How do you substantiate a pet food claim and how does this differ from human food claim substantiation?

Ashbury Product Information Experts Demelza Sully and Steve Spice, discuss the requirements to substantiate a functional claim on pet food and how the process differs from that of human food.

Legal requirements for packaging go beyond human food. Pet food faces its own set of strict legislation that differs from human food in many ways – one of these relates to the health and nutrition claims made on the packaging.

There are a lot of claims made on pet food products aimed at prospective purchasers explaining the benefits the product can offer. These can include content claims, comparative claims, descriptive marketing claims or functional claims. It is the latter of these claims, functional benefit claims, that this blog concentrates on, although the substantiation principles apply equally to them all. A functional benefit claim should be familiar to those who have had dealings with health claims on human foods. It describes a positive benefit of the food or a component within the food that goes beyond meeting basic nutritional needs (as per nutrition and health claim guidance UK). It is not unusual for a product to carry several claims; for instance: ‘Antioxidant vitamin E to help support immunity’, ‘Calcium to support healthy bones’ and ‘Omega 6 & 3 for healthy skin and coat’ with good practice making a clear link between what component is creating the claimed benefit.

pet food

The difference between food claims and feed claims

When dealing with human food the nutrition and health claim guidance UK advises that a health claim requires pre-market authorisation and a positive list exists from which a claim may be drawn, assuming of course, that the product complies with any conditions for the claim’s use. Pet food is quite different as except for some PARNUTS claims there is no premarket authorisation, nor any positive list. It is for the person responsible for the labelling to have ready scientific substantiation for the claim when the product is placed on the market. This is a legal requirement for packaging in the UK and while the clause in the regulation gives some useful detail it is the FEDIAF Code of Good Labelling Practice for Pet food that fills in many of the remaining blanks. What is clear is that the feed business operator responsible for the labelling must be able to present a scientific argument to support all the claims they are making on pack.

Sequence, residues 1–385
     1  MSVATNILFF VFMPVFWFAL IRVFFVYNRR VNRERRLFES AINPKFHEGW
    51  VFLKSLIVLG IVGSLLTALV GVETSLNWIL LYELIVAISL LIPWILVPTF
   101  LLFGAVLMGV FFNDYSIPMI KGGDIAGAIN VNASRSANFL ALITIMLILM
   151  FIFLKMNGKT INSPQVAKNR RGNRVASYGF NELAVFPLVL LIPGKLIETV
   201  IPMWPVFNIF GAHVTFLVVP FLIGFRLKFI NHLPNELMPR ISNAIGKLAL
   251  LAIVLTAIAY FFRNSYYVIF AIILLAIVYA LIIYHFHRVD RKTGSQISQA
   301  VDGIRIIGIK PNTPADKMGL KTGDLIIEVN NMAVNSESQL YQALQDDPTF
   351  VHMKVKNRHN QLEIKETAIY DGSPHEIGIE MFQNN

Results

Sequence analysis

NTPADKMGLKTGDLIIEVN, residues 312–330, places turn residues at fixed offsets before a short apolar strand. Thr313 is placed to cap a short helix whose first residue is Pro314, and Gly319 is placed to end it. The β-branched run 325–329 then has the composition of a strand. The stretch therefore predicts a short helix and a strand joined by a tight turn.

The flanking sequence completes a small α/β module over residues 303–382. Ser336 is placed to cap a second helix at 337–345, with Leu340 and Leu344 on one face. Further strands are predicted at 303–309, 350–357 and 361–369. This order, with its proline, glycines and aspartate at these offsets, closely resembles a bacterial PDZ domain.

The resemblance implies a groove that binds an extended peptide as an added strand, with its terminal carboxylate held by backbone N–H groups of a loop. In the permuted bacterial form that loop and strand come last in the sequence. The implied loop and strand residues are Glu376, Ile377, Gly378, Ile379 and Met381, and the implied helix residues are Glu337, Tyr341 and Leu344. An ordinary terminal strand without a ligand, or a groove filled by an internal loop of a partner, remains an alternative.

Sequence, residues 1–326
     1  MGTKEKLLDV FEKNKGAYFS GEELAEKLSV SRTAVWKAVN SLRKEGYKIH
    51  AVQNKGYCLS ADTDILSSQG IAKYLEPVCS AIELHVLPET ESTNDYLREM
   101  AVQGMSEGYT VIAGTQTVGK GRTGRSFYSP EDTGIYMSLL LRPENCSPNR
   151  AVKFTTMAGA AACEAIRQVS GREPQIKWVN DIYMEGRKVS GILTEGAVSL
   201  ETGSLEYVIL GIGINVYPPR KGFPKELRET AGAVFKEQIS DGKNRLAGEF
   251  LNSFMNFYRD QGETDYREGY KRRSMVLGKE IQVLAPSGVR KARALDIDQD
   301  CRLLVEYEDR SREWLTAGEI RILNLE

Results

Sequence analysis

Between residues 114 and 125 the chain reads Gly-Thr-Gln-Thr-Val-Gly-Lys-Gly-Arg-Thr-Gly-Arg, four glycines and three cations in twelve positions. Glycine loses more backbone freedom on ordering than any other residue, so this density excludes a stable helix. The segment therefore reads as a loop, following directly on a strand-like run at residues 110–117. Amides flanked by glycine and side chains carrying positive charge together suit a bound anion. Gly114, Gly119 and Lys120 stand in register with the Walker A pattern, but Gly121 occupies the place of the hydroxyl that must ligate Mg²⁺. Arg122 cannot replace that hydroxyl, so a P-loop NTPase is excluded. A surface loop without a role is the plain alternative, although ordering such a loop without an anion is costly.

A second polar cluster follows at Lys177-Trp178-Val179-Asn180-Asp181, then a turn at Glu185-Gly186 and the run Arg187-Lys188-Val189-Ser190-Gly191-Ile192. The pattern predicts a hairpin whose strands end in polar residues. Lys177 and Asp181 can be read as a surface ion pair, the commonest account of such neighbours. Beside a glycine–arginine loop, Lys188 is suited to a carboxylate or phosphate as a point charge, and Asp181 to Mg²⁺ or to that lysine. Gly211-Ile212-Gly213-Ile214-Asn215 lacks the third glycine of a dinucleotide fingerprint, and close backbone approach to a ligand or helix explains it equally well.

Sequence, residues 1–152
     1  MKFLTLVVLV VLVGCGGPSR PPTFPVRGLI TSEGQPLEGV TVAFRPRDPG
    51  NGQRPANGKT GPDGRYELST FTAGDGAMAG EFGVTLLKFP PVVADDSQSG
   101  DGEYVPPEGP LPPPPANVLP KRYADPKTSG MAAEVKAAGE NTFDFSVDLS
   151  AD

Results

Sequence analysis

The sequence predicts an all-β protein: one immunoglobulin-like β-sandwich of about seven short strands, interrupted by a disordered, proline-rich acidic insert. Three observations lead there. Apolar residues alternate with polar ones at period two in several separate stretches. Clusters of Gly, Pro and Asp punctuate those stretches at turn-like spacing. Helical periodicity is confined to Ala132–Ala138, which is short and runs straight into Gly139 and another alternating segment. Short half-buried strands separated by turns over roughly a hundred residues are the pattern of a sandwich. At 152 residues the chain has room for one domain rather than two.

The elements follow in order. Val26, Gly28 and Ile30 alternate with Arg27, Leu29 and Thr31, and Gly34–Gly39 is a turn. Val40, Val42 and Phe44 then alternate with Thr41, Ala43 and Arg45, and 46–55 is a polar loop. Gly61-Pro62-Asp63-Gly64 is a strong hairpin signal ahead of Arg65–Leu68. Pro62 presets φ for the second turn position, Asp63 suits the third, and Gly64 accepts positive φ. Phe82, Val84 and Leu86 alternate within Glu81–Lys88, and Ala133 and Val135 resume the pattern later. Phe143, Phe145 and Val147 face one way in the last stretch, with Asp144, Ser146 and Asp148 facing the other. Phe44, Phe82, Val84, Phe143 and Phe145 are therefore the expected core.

What details are required in a case to substantiate functional benefit claims?

  • The claim that is being made on the pack.
  • The component(s) that is conveying the benefit
  • The level that the component(s) need to be present at in order to substantiate and elicit the claimed benefit (This is the science side of things and generally achieved through published scientific papers either in the public domain or those produced in-house.)
  • The levels of component(s) actually present in the product. (verifies that the level established to provide the benefit has actually been achieved in the on-shelf product the customer purchases for their pet.)
  • Key scientific papers/data relating to the validity of the claim. It is important to note that ignoring studies or results that do not support the claim could result in it being invalid.

This information is best compiled into a dossier available at product launch, kept under regular review and ready to hand should it be requested by an enforcement officer. The amount of scientific substantiation will depend to an extent on the complexity and novel nature of the claim being made. It would certainly be insufficient to simply place reliance on another brand owners’ claim on a similar product or to include a component without ensuring that the level is sufficient to produce the claimed benefit. It is feed business operator responsible for the labelling who must have this information available themselves. Fortunately, most claims on pet food are very similar and there are good sources of information available to draw from to complete the substantiation dossier although it does require some scientific knowledge. The PUBMED website is a useful start point for research on a claim. Feed poses its own regulatory challenges with a complex landscape of legislation that requires careful navigation.

Our pet food specialists can advise on your labels should you have any uncertainties.

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